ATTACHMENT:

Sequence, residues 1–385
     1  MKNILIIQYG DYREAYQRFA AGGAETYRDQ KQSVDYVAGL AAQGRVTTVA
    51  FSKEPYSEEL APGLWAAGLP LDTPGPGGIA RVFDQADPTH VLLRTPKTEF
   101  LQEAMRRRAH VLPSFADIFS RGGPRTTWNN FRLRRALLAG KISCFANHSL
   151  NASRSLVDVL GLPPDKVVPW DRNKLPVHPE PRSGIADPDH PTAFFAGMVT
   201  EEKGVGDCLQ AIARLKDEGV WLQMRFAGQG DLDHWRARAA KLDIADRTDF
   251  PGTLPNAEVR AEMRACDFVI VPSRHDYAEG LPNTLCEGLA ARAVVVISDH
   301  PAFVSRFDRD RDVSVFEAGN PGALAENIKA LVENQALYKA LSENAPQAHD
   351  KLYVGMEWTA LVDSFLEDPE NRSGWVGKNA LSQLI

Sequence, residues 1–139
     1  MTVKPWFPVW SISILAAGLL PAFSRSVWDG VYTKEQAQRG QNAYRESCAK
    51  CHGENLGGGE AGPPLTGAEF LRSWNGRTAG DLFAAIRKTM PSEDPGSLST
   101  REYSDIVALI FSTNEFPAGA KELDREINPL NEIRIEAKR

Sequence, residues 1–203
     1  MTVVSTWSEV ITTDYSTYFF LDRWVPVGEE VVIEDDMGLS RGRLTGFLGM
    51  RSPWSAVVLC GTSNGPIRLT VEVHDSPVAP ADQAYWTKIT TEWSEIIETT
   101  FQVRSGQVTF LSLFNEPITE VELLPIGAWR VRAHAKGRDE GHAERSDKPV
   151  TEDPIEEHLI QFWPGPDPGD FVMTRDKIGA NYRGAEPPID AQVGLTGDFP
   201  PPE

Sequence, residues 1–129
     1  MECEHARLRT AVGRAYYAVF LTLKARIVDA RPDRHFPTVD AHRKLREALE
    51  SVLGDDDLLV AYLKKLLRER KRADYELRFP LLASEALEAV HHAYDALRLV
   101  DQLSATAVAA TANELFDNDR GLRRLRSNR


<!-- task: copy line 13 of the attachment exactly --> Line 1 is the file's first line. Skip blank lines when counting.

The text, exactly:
   101  REYSDIVALI FSTNEFPAGA KELDREINPL NEIRIEAKR